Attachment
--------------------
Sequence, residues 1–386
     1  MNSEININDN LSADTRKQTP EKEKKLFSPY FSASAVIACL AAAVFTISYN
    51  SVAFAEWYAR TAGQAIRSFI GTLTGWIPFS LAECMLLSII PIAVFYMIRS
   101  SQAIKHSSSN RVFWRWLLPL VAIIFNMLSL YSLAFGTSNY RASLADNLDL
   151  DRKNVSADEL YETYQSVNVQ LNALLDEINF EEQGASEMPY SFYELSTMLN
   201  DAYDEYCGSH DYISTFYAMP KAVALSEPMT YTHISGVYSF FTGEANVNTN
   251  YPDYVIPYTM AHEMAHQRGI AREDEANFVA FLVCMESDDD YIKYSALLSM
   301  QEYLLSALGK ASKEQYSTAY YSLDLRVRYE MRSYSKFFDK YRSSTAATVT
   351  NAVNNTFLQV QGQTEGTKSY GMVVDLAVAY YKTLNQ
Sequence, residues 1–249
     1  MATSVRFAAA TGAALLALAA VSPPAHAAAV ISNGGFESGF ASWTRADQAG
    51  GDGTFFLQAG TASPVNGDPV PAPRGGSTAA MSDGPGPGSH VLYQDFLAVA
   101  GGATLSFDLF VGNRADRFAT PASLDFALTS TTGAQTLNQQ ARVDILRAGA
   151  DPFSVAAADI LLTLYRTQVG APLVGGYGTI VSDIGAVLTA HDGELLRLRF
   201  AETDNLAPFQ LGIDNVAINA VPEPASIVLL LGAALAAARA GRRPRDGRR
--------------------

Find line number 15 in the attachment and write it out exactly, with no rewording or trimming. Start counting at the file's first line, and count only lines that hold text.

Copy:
   201  AETDNLAPFQ LGIDNVAINA VPEPASIVLL LGAALAAARA GRRPRDGRR